Time-Dependent Solutions to Fick’s Equations

Many other solutions to the diffusion equation and techniques for solving it are known. See Crank (1975) and Carslaw and Jaeger (1959).

Random Walks in Biology, by Howard Berg.

Time-dependent solutions to Fick’s equations

One way to find solutions to Fick’s equations is to look them up! An excellent source is Carslaw and Jaeger (1959), a book dealing with the conduction of heat in solids. The heat equation has the same form as the diffusion equation [see Chapter 4, Homework Problem 19 in IPMB]. In the notation of Carslaw and Jaeger,

where ν is the temperature and κ is the thermal diffusivity. So, take their results and read C for ν and D for κ. Sources that do not require such translation include Crank (1975) and Jost (1960). But this strategy requires luck. If you happen to find a discussion of just the problem that you are trying to solve, well and good. If not, you will soon be lost in a morass of complex equations.

Jost, W. 1960. Diffusion in Solids, Liquids, Gases. Academic.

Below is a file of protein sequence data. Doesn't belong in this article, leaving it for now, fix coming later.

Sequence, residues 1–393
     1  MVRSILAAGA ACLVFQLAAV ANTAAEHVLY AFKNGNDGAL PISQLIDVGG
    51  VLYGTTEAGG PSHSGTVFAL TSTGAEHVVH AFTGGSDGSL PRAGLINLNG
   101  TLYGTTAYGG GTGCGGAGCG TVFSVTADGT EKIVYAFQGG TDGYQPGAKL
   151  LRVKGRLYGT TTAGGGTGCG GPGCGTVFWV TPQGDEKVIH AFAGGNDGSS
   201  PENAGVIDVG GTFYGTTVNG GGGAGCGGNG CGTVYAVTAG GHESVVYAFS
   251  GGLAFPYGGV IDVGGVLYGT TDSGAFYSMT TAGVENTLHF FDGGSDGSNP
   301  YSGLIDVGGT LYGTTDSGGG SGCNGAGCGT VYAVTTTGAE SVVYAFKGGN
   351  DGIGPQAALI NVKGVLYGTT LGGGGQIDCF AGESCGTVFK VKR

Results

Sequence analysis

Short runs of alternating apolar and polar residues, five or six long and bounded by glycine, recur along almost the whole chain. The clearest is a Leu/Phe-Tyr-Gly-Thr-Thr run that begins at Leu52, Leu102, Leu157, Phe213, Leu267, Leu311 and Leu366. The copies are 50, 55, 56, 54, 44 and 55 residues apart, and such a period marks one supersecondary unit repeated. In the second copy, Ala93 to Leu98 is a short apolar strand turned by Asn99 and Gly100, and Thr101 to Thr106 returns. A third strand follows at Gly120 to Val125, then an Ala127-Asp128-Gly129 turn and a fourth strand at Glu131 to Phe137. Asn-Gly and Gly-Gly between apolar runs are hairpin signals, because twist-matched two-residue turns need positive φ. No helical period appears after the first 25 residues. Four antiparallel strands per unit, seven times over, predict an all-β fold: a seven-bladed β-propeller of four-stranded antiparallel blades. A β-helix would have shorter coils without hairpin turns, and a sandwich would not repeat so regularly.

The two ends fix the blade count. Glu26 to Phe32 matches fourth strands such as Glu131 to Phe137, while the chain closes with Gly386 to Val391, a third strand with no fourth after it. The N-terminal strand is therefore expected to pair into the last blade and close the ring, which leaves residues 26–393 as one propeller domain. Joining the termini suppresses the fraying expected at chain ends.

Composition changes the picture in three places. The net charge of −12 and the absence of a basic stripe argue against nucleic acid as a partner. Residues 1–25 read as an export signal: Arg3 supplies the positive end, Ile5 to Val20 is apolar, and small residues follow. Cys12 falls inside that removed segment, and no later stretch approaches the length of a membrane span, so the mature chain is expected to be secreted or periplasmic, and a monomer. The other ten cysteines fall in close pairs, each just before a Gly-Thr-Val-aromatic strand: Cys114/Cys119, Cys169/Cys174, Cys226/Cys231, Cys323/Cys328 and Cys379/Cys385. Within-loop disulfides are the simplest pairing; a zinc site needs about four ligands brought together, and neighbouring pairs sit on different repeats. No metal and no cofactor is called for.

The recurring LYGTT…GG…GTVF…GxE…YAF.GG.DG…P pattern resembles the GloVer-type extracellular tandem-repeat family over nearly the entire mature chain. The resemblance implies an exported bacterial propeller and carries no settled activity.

F. Wilhelm Jost

1903–1988

Professor Dr. sc. nat. Dres. h. c. W. Jost died on September 25, 1988 in G6ttingen. W. Jost was a preeminent scientist who pioneered research and development in combustion, reaction-kinetics in gases and solids, diffusion in solids and phase separation. He authored several monographs that have become classics in the field, among them “Explosions- und Verbrennungsvorg/inge in Gasen” with English and Russian editions. Several Academies of Science elected him as a member and he served on the boards of many scientific societies.

W. Jost was a director of the International Combustion Institute for decades and he founded and directed its German section. His many distinguished awards include the Institute’s Sir Alfred Egerton Gold Medal.

F. W. Jost was born in Friedberg in Hessen. He studied chemistry in Halle and Munich and received his Dr. sc. nat. degree in chemistry from the University of Halle in 1926. He then joined M. Bodenstein in Berlin where his work on gas kinetics and hydrocarbon oxidation started. In 1929 Jost became Privatdozent in Hannover. From 1932 to 1933 he spent a year at MIT in Cambridge, Massachusetts, where he founded the basis for the understanding of disorder energies. In 1937 W. lost became a Professor of Physical Chemistry in Leipzig, in 1943 at the University of Marburg and 1951 in Darmstadt, in 1952 he accepted a call to the chair of W. Nernst at the University in G6ttingen.

On the occasion of the honorary promotion in Cambridge it was stated: “This man has always shown himself zealous for liberty, careful of truth and thoroughly civilized”.

The members of the International Combustion Institute express their deep sympathy to his wife and his family.

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